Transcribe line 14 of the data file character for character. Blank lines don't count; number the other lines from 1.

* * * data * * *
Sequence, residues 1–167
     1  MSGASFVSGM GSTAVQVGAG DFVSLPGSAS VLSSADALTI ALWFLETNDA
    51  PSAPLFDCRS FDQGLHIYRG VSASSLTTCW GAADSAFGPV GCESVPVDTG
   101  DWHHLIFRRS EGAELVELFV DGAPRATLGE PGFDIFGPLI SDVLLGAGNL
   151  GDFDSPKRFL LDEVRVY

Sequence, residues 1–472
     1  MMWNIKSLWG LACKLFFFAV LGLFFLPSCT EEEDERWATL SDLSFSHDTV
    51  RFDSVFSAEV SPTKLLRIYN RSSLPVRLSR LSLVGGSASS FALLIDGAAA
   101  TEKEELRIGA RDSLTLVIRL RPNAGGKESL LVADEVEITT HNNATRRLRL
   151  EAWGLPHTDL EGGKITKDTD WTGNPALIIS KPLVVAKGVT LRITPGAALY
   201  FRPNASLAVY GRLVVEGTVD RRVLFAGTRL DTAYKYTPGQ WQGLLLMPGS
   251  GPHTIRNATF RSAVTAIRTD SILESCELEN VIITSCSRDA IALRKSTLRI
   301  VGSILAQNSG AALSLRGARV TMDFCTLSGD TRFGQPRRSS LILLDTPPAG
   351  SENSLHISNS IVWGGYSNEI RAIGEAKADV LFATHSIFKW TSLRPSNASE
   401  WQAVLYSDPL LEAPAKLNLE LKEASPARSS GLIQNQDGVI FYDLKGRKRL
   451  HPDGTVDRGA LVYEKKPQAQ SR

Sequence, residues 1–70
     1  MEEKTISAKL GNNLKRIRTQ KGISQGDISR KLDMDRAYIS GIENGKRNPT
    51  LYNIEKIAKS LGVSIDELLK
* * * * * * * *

   351  SENSLHISNS IVWGGYSNEI RAIGEAKADV LFATHSIFKW TSLRPSNASE